In this study, a new nonlinear acoustic technique, the phase shift method, is developed to measure the hysteretic nonlinearity parameter for a field soil. The technique is based on measuring the variation of phase difference between two transducers, i.e. the phase shift, induced by changing sound level. The hysteretic nonlinear parameter can be extracted from the measured phase shift as a function of sound level, or dynamic strain. With this technique, a long-term soil survey is conducted to study the variations of soil properties due to climate and seasonal changes. The hysteretic nonlinear parameter and sound speed of the soil as functions of temperature, moisture, surface tension, rain precipitation, and time are studied.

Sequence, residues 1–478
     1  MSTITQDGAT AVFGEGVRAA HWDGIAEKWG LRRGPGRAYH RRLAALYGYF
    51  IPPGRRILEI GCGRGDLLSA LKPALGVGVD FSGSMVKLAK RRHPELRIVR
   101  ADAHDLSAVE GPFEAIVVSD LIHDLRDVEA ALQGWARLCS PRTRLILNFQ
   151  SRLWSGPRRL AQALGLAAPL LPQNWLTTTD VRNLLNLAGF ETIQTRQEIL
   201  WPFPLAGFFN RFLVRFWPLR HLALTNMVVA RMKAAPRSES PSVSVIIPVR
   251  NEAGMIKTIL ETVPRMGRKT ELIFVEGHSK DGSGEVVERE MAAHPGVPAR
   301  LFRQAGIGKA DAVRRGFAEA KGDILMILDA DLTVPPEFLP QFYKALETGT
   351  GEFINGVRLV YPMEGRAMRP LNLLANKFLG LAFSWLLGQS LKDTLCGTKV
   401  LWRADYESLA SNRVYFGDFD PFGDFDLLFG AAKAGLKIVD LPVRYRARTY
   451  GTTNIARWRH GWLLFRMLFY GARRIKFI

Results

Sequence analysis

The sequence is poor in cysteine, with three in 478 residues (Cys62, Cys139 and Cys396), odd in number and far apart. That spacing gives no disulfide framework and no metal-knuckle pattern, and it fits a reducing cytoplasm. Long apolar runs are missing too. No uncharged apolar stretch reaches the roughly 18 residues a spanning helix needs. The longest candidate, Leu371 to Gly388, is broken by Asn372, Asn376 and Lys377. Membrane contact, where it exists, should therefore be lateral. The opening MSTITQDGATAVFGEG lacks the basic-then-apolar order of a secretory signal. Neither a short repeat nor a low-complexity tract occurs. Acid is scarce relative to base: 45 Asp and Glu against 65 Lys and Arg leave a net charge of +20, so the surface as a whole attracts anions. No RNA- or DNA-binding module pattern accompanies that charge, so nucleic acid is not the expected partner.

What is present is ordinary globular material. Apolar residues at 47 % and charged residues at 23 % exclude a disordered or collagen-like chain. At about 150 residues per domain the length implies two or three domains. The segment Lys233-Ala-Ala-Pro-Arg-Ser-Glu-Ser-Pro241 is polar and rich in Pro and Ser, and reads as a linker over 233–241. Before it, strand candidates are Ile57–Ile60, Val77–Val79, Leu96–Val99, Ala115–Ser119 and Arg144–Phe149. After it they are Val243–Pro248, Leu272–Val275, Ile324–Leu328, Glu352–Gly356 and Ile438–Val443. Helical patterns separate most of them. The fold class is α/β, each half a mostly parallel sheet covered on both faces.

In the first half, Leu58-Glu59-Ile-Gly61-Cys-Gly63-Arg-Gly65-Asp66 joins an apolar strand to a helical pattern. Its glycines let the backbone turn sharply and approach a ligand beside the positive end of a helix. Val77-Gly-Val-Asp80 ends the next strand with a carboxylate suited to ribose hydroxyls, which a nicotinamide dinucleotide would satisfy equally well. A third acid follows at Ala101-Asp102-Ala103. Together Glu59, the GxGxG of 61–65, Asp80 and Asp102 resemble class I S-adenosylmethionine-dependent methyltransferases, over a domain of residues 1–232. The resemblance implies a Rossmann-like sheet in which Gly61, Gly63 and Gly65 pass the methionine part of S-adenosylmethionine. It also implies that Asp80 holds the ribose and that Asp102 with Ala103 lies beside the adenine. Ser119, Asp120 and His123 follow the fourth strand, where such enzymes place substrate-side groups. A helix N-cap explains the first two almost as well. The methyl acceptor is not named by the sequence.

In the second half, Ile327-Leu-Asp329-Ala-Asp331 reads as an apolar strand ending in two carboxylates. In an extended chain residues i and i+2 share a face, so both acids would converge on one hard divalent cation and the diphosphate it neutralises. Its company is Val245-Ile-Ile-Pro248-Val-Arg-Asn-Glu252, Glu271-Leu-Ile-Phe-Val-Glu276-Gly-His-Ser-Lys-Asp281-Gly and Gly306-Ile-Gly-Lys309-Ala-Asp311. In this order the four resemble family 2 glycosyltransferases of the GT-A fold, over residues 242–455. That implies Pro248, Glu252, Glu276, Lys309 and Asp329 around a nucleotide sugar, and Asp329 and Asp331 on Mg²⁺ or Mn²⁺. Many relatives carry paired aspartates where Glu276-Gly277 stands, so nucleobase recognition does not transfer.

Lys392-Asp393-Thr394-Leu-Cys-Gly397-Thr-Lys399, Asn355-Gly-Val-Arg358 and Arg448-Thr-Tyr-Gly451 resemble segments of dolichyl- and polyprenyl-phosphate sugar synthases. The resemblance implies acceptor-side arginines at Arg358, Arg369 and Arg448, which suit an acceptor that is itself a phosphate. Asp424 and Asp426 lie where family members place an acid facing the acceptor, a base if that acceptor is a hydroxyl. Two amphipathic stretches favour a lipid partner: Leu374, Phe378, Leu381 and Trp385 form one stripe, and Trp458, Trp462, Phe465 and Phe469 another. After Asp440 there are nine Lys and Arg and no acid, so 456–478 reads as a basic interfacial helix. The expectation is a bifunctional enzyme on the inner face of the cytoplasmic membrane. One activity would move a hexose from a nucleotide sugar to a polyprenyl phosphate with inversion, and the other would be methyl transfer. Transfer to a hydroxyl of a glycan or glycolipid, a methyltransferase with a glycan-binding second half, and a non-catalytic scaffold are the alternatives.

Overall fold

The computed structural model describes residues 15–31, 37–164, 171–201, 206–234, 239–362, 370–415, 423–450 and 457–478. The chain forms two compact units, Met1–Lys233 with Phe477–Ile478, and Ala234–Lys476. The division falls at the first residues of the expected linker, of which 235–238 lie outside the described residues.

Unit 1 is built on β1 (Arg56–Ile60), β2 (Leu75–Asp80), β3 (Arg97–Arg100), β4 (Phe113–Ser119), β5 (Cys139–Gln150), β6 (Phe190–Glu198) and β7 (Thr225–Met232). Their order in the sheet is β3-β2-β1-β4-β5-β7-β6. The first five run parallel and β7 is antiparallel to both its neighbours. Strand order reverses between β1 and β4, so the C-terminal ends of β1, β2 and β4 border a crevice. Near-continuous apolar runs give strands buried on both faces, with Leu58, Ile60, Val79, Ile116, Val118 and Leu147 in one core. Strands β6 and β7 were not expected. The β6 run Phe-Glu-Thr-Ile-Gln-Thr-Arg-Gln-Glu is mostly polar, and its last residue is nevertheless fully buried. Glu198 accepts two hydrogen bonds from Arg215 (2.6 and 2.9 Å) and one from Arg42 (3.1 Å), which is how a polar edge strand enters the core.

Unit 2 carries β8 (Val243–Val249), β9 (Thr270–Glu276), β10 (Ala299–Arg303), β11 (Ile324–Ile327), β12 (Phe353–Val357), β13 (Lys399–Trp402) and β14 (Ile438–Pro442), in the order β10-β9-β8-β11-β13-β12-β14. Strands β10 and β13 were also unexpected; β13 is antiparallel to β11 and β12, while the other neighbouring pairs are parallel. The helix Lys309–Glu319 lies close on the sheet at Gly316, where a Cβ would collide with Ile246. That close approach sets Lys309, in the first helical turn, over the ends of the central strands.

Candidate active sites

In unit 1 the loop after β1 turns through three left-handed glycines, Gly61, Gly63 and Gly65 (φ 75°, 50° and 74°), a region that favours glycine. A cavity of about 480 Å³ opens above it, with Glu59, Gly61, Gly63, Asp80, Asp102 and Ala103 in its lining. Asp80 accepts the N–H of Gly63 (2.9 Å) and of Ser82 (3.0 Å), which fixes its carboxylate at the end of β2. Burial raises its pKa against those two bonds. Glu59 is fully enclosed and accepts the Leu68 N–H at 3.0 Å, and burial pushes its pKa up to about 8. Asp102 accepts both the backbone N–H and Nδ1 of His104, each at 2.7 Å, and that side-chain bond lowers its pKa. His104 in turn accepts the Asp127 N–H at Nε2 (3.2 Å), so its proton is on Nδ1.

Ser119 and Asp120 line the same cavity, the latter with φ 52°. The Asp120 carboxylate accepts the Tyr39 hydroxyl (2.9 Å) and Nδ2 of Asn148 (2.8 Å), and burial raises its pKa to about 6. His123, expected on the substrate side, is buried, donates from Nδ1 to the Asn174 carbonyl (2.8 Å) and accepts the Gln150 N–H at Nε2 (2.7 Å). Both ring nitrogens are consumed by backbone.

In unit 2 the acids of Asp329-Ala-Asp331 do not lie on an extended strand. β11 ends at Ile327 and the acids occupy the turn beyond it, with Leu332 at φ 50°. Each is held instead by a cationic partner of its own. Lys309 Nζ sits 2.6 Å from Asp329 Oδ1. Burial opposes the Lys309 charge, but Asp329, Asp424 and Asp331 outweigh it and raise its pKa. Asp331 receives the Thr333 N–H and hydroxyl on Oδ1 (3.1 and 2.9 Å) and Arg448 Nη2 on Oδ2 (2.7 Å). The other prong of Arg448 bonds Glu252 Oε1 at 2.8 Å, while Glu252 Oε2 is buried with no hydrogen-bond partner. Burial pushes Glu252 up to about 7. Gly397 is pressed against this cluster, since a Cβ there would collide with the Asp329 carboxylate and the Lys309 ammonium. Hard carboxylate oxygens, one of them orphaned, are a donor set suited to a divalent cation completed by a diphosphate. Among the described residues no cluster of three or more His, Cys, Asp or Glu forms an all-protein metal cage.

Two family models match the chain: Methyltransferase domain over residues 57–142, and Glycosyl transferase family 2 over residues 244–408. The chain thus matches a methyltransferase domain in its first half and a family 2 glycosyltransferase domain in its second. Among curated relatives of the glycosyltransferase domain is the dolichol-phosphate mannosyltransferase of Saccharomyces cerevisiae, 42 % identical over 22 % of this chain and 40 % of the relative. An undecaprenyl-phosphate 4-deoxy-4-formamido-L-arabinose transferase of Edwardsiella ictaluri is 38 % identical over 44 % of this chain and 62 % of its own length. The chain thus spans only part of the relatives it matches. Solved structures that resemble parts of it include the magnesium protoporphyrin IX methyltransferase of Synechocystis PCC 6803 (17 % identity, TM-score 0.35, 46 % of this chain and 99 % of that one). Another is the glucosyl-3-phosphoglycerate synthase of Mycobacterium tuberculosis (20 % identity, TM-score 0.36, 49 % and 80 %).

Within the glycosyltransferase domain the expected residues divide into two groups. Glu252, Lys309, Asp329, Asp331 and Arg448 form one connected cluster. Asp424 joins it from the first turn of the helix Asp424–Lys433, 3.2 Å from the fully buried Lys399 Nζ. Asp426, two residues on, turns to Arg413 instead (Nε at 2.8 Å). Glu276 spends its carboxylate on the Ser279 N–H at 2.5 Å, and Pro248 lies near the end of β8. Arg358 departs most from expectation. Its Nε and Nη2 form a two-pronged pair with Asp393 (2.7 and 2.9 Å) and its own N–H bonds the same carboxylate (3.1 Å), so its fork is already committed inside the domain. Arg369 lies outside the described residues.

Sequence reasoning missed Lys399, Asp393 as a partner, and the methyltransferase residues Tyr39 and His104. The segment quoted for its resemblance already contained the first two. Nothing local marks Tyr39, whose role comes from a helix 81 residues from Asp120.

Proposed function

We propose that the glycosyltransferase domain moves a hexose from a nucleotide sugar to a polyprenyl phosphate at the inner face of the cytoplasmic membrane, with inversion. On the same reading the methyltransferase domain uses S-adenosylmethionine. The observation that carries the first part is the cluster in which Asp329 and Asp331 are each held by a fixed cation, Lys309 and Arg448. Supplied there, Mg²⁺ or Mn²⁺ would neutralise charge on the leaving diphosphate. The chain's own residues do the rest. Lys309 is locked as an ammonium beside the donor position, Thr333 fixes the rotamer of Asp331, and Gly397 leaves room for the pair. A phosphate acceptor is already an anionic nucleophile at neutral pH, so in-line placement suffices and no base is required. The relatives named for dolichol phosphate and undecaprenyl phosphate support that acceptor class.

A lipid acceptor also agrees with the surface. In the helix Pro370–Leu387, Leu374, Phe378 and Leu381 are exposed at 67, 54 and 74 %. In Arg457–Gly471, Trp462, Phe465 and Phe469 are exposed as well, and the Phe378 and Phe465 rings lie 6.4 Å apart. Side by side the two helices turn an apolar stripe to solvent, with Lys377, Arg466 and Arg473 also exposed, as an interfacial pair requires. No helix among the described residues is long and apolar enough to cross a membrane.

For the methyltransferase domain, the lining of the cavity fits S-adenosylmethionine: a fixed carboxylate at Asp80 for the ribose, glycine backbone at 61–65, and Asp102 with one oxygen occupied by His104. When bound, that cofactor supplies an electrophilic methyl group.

Understanding the variability of the grounds acoustic properties will lead to a reduction in false alarms associated with acoustic landmine detection. Experimental measurements of the acoustic-to-seismic transfer functions performed at a US Army eastern temperate site reveal frequency modulation scales in the acoustic-to-seismic transfer function. These modulations have different spatial dependencies along and across the mine lanes. It was hypothesized that these are due to spatial dependencies of the acoustic parameters in the ground layers. It also was speculated that downward gradients in these parameters are due to additional soil strain produced by the wheels of vehicles repeatedly moving down the lane. The measured transfer functions for a few sites were analyzed. It is shown that an elastic layered model of the ground with downward gradients of sound speed in the ground layers successfully models the features observed in the experimental data. Direct time-of-flight measurements of sound speeds in and out of the wheeled tracks confirm the results obtained from the acoustic-to-seismic transfer function analysis.